House Passes Medical Device Tax Repeal, Makes Progress on Other Health Legislation

The House voted to repeal the Affordable Care Act’s (ACA) 2.3 percent excise tax on medical device manufacturers last week. H.R. 160, the Protect Medical Innovation Act of 2015, was passed 280-140, with 46 Democrats joining every Republican in voting for the measure. The bill will cost $24.4 billion over the next decade, and was approved without an offset. The House also passed four bipartisan bills dealing with the Medicare Advantage (MA) program, including

  • H.R. 2570, the Value-Based Insurance Design for Better Care Act of 2015, to establish a demonstration program requiring the utilization of Value-Based Insurance Design;
  • H.R. 2507, the Increasing Regulatory Fairness Act of 2015, to establish an annual rulemaking schedule for payment rates under Medicare Advantage;
  • H.R. 2505, the Medicare Advantage Coverage Transparency Act of 2015, to require the annual reporting of data on enrollment in Medicare Advantage plans; and
  • H.R. 2582, the Securing Seniors’ Health Care Act of 2015, to improve the risk adjustment under the Medicare Advantage program, and to delay the authority to terminate Medicare Advantage contracts for MA plans failing to achieve minimum quality ratings.


The first three bills were scored as budget neutral according to the Congressional Budget Office. H.R. 2582 would result in $30 million in savings. H.R. 2570 also includes provisions related to electronic health records (EHRs) for ambulatory surgical centers (ASCs) and reimbursement for infusion drugs under the Medicare Part B durable medical equipment (DME) benefit. The House also began consideration of legislation to repeal ACA’s Independent Payment Advisory Board (IPAB) last week. The cost of H.R. 1190, the Protecting Seniors’ Access to Medicare Act of 2025, is estimated at $7.1 billion through the year 2025. This cost is offset by cuts to the ACA’s Public Health and Prevention Fund. The House is scheduled to vote on H.R. 1190 later this week. Both H.R. 160 and H.R. 1190 have received veto threats from the White House.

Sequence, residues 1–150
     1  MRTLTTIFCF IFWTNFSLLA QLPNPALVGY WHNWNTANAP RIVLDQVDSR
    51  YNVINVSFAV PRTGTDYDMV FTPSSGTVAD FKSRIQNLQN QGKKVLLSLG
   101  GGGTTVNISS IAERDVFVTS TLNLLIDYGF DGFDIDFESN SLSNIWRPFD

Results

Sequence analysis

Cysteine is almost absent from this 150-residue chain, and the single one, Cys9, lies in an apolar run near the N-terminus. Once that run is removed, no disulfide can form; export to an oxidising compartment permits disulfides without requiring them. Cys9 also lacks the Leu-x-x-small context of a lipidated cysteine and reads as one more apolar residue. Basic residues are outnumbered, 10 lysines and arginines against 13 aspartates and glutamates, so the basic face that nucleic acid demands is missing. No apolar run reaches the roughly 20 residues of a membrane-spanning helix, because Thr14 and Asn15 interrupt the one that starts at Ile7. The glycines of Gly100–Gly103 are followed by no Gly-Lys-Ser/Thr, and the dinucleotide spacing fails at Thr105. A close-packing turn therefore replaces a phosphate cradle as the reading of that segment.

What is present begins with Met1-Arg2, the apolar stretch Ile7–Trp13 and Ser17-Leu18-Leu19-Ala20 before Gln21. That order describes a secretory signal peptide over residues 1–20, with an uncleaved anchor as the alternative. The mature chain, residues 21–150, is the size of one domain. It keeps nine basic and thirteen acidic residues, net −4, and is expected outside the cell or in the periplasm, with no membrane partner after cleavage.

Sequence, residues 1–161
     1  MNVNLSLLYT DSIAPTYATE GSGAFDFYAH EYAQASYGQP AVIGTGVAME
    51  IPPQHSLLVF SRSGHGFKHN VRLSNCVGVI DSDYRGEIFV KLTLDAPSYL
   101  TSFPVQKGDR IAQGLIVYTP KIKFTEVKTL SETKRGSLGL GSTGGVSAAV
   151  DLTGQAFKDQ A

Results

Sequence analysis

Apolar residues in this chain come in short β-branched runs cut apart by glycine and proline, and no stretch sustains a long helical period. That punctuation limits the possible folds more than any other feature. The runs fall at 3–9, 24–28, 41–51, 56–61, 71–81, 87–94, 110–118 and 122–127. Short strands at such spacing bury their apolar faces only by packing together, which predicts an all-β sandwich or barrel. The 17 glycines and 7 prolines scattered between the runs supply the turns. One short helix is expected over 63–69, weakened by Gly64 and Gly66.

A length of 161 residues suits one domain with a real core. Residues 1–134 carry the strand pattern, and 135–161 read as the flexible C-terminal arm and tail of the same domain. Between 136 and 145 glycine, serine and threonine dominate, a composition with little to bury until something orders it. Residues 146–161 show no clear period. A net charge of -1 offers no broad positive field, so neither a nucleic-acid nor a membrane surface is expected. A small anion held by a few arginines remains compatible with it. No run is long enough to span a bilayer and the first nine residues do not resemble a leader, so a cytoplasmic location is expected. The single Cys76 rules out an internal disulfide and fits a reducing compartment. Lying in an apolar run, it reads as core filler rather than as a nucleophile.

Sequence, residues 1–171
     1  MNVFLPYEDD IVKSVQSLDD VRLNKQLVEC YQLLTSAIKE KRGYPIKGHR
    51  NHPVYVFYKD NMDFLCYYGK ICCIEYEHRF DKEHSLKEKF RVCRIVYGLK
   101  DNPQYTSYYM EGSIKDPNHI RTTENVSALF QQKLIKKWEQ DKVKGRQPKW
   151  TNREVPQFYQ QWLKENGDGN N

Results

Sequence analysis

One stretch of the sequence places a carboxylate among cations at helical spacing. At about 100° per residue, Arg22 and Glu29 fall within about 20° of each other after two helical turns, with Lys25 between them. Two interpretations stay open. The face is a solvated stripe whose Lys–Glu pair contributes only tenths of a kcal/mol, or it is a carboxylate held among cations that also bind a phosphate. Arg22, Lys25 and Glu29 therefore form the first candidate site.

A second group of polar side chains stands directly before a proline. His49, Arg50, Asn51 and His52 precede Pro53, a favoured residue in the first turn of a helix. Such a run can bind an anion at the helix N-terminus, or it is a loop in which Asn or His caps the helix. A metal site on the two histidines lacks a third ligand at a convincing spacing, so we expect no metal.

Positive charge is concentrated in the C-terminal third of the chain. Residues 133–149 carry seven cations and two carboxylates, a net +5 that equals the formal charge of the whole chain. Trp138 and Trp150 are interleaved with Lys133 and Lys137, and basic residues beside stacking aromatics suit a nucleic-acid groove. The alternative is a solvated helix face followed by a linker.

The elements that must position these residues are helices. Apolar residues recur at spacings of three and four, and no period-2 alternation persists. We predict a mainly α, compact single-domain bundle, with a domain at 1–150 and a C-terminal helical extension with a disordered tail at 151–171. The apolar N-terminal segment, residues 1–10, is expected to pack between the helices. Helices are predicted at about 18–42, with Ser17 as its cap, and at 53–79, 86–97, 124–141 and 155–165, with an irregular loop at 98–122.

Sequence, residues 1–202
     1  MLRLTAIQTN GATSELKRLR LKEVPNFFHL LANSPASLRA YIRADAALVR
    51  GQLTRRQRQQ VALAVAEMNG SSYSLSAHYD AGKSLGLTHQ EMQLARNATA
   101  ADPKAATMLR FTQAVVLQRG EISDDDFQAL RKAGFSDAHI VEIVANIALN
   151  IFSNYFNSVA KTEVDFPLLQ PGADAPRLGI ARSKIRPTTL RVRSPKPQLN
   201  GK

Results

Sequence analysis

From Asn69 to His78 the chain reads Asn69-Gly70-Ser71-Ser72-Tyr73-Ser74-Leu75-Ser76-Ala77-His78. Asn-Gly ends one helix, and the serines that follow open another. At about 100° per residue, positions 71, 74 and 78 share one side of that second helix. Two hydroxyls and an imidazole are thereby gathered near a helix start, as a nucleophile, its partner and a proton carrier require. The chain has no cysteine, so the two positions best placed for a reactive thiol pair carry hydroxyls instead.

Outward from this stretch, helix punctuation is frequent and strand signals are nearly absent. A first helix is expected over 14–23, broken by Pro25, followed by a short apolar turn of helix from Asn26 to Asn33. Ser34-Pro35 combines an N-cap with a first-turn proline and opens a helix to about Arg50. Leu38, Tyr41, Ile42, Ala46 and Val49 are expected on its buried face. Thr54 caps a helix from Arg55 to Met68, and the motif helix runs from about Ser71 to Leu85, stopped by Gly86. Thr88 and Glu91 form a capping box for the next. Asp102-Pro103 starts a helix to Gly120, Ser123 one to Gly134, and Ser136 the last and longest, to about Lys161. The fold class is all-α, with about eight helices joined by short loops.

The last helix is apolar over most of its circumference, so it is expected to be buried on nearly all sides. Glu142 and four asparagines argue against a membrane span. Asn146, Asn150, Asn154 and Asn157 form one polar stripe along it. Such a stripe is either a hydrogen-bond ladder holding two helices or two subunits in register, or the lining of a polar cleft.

Lawmakers Express Opposition to 21st Century Cures Offset

Forty bipartisan members of the House of Representatives have written to Speaker John Boehner (R-Ohio) and Minority Leader Nancy Pelosi (D-Calif.) expressing opposition to a measure that would take $7 billion from Medicare Part D plans in order to pay for the 21st Century Cures Act. The proposed offset would delay certain government reinsurance payments to insurers while keeping the interest payments. The letter was spearheaded by Rep. Renee Ellmers (R-N.C.) and Rep. Ron Kind (D-Wis.). “The proposed budgetary change would not reduce federal spending or bureaucracy, but instead would result in increased Part D costs that ultimately would be passed on to the Medicare Trust Fund and its beneficiaries. This change is effectively a tax on America’s seniors,” the letter states. While the letter does not mention the 21st Century Cures Initiative by name, the proposal is known to be the preferred offset of Energy and Commerce Ranking Member Frank Pallone (D-N.J.).

MedPAC Releases June Report to Congress

The Medicare Payment Advisory Commission (MedPAC) has released its June 2015 Report to the Congress, titled “Medicare and the Health Care Delivery System.” The report considers a wide range of subjects, including hospital short-stay policy issues, payment policies for Part B drugs, value-based incentives for Part B drugs, polypharmacy and opioid use, risk-sharing in Part D, synchronizing policy across Medicare’s payment models, next steps in measuring quality, and the next generation of Medicare beneficiaries. Notably, MedPAC recommends that the two-midnight rule be withdrawn, and that recovery audit contractors (RACs) should be directed to focus reviews of short inpatient stays on hospitals with the highest rates of this type of stay. Additionally, the Commission recommends that RAC’s contingency fees should be modified to be based, in part, on its claim denial overturn rate, and the RAC look-back period should be shorter than the Medicare rebilling period for short inpatient stays.

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